Pearl Gibbs (Gambanyi) :
Pearl Gibbs (Gambanyi) (1901 – 28 April 1983) was an Indigenous Australian activist, and the most prominent female activist within the Aboriginal movement in the early 20th century. She was a member of the Aborigines Progressive Association (APA), and was involved with various protest events such as the 1938 Day of Mourning.
Gibbs was born Pearl Mary Brown in La Perouse, Sydney, in 1901, to Mary Margaret Brown and David Barry. Gibbs grew up in and around the town of Yass, where she attended Mount Carmel School along with her sister Olga. In 1917, Gibbs and her sister moved to Sydney to work as domestics, Gibbs found a position in Potts Point. Gibbs met other Aboriginal women and girls who were apprenticed as domestics by the Aborigines Protection Board and helped them make representations to the Board about their working conditions.
Later she married a British sailor, with whom she had a daughter and two sons; however, they later separated, and Gibbs cared for the children on her own.
Google Celebrates Pearl Gibbs “Gambanyi’s” 120th Birthday with a Doodle
Today’s Doodle, illustrated by Yuwi, Torres Strait Islander and South Sea Islander guest artist Dylan Mooney, celebrates revolutionary Aboriginal Australian activist Pearl Gibbs “Gambanyi”, who is widely regarded among the 20th-century’s leading advocates for Aboriginal rights.
Pearl Mary Gibbs “Gambanyi” was born on this day in 1901 to an Aboriginal mother and a non-Aboriginal father in La Perouse, New South Wales. At 16, Gibbs moved with her family to Sydney, where she worked as a servant. It was here that she met Aboriginal girls stolen from their homes and forced into domestic work—injustices that sparked her lifetime devotion to the fight for Aboriginal rights.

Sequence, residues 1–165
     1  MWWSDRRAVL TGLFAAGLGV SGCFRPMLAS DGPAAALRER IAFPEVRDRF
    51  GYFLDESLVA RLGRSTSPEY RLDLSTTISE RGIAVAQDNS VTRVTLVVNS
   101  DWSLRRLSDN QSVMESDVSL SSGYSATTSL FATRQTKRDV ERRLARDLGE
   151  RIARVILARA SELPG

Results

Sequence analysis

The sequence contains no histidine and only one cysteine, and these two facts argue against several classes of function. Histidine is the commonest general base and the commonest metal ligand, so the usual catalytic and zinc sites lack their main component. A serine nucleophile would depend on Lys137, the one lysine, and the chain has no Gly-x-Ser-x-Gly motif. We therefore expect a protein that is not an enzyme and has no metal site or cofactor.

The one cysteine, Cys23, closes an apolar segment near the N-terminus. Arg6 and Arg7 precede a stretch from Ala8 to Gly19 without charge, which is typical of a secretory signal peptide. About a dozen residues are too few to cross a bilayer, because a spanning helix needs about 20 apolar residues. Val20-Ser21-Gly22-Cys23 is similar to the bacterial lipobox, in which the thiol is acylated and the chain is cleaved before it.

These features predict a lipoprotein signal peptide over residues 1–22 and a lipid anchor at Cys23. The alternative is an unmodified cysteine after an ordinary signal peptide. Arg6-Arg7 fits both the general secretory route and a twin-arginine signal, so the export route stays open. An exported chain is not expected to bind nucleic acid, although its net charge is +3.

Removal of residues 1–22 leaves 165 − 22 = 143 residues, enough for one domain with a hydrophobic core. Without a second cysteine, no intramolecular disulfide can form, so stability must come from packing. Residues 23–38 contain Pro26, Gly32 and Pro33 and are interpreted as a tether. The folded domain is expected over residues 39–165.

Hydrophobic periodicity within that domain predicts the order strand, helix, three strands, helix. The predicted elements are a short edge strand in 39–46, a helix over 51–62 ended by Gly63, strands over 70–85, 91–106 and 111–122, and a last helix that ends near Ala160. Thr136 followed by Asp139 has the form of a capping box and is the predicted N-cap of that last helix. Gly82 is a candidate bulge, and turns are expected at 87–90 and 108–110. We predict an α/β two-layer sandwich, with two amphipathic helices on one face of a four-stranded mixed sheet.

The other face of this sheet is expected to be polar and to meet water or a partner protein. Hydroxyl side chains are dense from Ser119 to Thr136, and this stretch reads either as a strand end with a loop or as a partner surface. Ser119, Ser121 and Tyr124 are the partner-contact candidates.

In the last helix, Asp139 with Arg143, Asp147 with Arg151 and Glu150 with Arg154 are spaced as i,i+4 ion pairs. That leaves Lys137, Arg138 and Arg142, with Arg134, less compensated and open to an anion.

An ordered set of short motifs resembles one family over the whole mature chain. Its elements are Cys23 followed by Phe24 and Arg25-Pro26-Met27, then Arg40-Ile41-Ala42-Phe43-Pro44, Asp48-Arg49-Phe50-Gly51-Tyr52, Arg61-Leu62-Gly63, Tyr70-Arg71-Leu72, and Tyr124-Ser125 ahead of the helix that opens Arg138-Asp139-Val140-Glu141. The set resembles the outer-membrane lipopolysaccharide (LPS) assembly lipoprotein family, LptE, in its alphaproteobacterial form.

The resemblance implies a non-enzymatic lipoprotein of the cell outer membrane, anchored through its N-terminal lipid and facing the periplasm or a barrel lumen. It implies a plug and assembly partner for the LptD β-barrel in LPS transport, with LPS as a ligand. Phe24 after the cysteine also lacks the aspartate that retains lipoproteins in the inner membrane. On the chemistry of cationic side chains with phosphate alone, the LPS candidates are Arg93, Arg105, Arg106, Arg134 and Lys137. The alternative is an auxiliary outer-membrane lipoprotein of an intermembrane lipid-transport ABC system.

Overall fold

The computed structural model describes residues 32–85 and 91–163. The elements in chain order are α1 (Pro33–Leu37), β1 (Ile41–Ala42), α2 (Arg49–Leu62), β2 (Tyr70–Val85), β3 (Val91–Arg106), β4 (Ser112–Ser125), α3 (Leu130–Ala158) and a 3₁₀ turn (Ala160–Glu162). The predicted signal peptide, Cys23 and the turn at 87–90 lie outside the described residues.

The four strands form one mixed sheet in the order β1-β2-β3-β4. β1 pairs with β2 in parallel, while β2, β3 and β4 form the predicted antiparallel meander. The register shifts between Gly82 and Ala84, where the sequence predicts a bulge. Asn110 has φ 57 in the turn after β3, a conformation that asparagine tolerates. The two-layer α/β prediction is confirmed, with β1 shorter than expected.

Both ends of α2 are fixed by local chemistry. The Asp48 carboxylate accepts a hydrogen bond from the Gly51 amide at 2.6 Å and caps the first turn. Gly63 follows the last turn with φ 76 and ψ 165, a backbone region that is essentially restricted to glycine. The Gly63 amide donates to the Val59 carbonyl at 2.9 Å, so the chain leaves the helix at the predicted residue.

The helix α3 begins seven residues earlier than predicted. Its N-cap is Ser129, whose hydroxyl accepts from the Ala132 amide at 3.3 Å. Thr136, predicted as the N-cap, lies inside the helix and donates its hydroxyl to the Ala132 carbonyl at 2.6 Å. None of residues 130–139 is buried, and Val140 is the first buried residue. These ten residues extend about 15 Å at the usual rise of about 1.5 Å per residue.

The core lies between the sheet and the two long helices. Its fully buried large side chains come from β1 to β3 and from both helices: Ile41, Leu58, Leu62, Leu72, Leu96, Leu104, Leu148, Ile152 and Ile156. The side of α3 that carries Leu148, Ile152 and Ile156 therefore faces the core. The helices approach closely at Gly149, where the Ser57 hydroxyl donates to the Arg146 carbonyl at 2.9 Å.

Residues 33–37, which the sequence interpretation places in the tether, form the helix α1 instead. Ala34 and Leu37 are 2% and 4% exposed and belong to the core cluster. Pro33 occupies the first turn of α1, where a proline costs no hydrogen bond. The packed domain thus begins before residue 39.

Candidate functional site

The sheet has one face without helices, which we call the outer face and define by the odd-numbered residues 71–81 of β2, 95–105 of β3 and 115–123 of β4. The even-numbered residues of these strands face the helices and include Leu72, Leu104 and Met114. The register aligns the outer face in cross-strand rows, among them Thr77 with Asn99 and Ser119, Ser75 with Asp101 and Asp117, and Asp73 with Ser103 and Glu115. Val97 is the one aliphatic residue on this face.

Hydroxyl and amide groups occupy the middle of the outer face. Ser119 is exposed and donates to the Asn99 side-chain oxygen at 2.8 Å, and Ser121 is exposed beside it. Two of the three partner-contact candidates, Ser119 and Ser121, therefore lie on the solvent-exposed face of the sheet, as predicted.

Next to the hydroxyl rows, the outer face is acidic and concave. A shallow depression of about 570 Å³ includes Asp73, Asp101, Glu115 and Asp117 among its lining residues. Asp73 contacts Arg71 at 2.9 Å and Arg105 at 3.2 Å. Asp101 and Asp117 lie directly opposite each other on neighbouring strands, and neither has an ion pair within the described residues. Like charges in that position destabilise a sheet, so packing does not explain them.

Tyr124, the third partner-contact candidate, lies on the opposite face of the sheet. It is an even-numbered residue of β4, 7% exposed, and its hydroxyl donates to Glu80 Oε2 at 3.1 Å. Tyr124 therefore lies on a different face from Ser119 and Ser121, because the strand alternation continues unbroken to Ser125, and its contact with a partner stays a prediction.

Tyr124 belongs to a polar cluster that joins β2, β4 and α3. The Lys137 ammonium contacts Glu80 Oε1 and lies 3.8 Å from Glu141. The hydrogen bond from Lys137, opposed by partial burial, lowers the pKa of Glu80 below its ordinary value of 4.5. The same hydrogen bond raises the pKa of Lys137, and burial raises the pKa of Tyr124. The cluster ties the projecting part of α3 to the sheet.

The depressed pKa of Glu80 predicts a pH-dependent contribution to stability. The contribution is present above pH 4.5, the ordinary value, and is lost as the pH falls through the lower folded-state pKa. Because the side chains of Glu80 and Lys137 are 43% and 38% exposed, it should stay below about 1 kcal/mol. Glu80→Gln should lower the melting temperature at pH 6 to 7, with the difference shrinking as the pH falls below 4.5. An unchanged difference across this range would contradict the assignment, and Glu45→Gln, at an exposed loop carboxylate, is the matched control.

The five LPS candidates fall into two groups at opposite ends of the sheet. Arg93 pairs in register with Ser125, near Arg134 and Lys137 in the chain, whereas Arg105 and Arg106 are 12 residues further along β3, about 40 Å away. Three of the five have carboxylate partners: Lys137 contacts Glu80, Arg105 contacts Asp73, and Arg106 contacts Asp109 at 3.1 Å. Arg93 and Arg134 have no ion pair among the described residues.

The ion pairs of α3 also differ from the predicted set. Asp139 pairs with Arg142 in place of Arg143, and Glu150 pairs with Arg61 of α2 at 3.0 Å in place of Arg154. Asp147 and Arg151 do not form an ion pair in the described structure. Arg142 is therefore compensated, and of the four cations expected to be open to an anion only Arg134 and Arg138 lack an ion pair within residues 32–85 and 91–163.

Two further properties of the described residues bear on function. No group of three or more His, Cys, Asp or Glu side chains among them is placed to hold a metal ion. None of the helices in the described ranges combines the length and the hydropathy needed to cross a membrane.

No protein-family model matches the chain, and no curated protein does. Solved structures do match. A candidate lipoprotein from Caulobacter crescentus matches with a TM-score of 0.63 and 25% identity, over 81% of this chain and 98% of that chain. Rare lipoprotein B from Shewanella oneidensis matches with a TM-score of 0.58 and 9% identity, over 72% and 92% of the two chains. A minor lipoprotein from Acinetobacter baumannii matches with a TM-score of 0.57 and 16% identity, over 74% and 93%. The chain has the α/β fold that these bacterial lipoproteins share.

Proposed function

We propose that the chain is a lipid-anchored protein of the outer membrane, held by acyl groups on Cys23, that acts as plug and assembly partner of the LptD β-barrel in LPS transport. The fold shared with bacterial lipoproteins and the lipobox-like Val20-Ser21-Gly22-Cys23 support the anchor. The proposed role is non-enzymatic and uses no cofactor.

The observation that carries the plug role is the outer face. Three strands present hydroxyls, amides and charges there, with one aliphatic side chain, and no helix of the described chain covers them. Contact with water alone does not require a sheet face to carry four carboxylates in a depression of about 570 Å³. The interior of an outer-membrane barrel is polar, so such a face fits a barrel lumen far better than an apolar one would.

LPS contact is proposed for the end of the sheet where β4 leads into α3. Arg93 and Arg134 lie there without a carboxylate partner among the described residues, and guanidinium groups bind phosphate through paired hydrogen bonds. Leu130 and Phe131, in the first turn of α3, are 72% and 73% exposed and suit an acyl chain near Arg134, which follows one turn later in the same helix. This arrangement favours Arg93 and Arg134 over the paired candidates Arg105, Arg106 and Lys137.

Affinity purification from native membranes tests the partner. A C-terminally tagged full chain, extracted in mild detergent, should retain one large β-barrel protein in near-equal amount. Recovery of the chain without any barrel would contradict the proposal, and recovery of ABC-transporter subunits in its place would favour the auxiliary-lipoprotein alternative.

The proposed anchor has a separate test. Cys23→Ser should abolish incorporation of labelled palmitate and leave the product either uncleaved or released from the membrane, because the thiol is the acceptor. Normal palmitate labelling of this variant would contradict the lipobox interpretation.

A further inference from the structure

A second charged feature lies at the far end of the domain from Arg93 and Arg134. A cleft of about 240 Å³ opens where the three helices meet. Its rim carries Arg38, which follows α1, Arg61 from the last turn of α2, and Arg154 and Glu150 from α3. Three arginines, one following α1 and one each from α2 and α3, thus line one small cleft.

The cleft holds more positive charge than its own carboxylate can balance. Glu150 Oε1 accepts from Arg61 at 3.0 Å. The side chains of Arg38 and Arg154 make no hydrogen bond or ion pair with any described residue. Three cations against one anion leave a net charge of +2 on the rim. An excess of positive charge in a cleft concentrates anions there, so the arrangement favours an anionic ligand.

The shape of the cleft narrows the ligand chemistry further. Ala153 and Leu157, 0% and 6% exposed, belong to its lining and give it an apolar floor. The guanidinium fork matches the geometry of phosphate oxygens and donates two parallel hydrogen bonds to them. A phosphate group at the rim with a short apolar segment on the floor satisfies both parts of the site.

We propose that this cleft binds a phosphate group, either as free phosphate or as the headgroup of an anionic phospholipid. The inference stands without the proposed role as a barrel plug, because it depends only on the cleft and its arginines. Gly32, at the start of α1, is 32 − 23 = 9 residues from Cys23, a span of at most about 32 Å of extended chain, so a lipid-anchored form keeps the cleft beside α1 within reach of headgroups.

In 1937, Gibbs helped form the Aborigines Progressive Association (APA), an all-Aboriginal activist alliance that campaigned for Aboriginal citizenship, suffrage, and an end to unjust governmental bodies. As APA secretary beginning in 1938, she exposed the inhumane conditions and exploitation of women and children at government-run Aboriginal reserves. A public speaker as charismatic as she was influential, Gibbs helped organize the Day of Mourning protest that same year. Widely credited as the catalyst of the contemporary Aboriginal political movement, this demonstration was the first to bring the plight of Indigenous Australians to national attention.
Gibbs never faltered in her efforts for Indigenous justice over the decades that followed, a struggle that culminated in 1954 when the New South Wales Aborigines Welfare Board appointed her as its first—and only—female member. She also helped organize the Aboriginal-Australian Fellowship (AAF) in 1956. With Gibbs at the helm, the AAF petitioned for a change in the Australian constitution, which paved the way for the 1967 referendum that granted Indigenous Australians suffrage and citizenship.
Today’s Doodle artwork depicts Gibbs’ life, legacy, and dedication to improving the lives of Aboriginal Australians—symbolized, for instance, by the Flannel Flowers on her dress, an icon she adopted to represent resilience.
Happy Birthday, Pearl Gibbs “Gambanyi,” and thank you for your lifetime devotion to building a more equitable world.